Learn about the unique fruit known as the May apple, includes information about identifying in the wild, beneficial nutritional facts and a medicinal history of the plant.
Learn about the May apple plant as well as beneficial nutritional facts.
If you've been looking for something really different to spice up your daily menu — a unique fruit, say, with an indescribably exotic flavor that conjures up visions of sunny tropical isles — chances are you won't have to look much further than your own back yard.
Because the mighty May apple bears just such a treat. And if you live anywhere in the eastern half of the United States between Quebec and Florida, you shouldn't have any trouble finding enough of the fruit to make loads of succulent preserves and a gallon or two of the most delicious summer punch this side of the Garden of Eden!
Fortunately for all of us, the May apple (known among scientific circles as Podophyllum peltatum) is one of the simplest to identify of all forest forageables. The species is sometimes called "umbrella plant" or "duck's foot" . . . and it's easy to see why. The mature plant, which bears one or two large (often a foot across) flat leaves centrally attached to either a single or "Y"-branched stem, by gosh, looks like a miniature umbrella. And because its expansive foliage is deeply cleft, some naturalists (the more imaginative ones, anyway) think it resembles — yep, you guessed it — a duck's foot.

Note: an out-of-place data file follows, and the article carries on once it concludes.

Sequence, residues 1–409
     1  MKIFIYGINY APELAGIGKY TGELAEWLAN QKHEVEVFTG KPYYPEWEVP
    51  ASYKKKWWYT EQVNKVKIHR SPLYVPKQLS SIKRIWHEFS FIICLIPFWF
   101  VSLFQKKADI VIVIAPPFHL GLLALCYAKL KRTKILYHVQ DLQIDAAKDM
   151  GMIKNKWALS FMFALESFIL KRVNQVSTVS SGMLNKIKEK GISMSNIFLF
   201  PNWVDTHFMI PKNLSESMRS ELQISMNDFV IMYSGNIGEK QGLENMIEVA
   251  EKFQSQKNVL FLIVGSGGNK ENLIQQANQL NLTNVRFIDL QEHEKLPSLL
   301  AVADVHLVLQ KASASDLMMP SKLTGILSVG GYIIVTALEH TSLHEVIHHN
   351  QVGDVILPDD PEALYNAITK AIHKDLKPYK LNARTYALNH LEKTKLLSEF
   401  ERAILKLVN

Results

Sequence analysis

The best places to look for May apple plants are moist, open woods and the edges of boggy meadows. Keep your eyes open for a cluster of greenery, rather than lone specimens. Podophyllum peltatum grows from a single underground rhizoid stem which — in very early spring — sends up dozens of finger-shaped shoots sporting young leaves tightly furled around a central stalk. Within a matter of just a few weeks, huge rambling colonies of full-blown specimens twelve to eighteen inches tall blanket entire patches of ground, completely shading (and in effect mulching) the earth from which they've sprung.